“Sustainable practises are at the heart of the Dulux business,” says Heather. “And it’s driven by our customers as well as our employees’ expectations — and happily, they align a lot.”

The coatings industry, of course, uses a variety of chemicals when manufacturing its products. There’s no getting around this; however, there are options to make the production process more eco-friendly than the traditional standard.

“It's a really key focus for us to make sure that the products that we use are not creating any harm — in the production, the use or in the disposal of those products,” says Heather.

The drive towards more sustainable practices comes from both Dulux's customers and employees.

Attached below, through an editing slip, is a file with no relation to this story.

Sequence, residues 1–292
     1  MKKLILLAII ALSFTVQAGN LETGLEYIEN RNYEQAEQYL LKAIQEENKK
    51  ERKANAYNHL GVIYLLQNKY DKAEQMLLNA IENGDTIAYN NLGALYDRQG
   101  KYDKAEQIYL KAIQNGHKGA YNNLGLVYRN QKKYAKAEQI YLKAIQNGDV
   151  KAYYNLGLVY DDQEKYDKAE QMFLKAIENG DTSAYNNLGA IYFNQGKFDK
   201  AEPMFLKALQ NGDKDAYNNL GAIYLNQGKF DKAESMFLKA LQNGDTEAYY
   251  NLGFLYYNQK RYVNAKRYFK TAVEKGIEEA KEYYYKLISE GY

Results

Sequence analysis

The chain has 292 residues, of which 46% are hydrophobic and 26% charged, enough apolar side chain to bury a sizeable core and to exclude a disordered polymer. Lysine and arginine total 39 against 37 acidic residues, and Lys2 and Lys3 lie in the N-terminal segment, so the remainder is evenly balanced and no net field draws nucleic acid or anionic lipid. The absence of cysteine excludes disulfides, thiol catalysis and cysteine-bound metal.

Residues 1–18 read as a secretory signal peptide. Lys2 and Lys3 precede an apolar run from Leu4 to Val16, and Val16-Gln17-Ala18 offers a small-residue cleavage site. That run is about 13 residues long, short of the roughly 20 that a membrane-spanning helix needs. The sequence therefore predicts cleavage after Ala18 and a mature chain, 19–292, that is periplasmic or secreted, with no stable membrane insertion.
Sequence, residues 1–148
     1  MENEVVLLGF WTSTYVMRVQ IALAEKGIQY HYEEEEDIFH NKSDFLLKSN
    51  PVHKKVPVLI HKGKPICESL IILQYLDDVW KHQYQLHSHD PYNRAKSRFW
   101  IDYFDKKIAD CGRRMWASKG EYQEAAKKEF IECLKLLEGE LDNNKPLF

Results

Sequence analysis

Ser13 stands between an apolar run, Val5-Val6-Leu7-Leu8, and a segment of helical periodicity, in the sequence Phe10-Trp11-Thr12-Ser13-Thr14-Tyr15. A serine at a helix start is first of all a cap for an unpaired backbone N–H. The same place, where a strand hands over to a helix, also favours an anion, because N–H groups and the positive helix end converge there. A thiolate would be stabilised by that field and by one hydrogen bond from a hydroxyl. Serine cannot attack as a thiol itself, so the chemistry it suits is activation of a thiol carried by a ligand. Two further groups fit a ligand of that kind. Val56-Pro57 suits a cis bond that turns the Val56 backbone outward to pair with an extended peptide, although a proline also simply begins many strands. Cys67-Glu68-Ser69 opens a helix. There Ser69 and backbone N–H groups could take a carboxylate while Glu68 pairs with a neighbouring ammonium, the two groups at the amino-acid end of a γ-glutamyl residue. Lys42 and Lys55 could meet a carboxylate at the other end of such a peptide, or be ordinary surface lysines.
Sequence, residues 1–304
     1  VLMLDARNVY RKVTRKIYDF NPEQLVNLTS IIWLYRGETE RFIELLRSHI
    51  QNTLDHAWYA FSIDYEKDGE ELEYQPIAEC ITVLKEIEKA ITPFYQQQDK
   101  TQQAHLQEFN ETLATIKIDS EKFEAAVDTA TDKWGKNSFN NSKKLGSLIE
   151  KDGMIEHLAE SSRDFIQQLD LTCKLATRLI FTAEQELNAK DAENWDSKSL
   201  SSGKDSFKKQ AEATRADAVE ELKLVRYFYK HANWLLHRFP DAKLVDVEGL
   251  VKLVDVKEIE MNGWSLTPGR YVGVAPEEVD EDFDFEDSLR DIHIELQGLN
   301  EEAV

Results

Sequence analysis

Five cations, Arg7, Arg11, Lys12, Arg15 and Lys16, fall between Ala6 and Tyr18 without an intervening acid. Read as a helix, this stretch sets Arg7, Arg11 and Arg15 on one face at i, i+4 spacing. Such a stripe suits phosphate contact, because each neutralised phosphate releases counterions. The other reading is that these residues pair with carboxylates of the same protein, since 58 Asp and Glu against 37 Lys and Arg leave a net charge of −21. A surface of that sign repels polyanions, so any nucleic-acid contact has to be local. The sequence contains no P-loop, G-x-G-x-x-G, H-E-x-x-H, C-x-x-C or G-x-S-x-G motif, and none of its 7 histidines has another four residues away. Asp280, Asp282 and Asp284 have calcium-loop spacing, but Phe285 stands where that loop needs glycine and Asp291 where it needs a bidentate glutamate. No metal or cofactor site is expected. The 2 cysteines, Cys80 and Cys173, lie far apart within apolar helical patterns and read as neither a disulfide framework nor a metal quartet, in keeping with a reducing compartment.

Putting sustainability into practice

So how does Dulux do this? The business has a long history of continuous improvement in sustainability impacts. From championing industry-leading safety performance and minimising hazardous substances from our finished products to driving significant reductions in waste to landfill and contributing to our local communities, we’re focused on making a positive contribution and reducing our most significant sustainability impacts.

“We’re also looking more and more at the carbon footprint of materials that we use, and the waste generated,” says Heather.

She says the company does this sustainably by meeting the requirements of the ISO 14001 standard, which ensures that all waste streams are managed legally and to best practice. This includes wastewater, waste paint, waste packaging and other consumables.

But it’s not just the chemical make-up of Dulux’s products that it focuses its sustainability efforts on; the company also looks to the long-term sustainability of the substrates that its paint covers.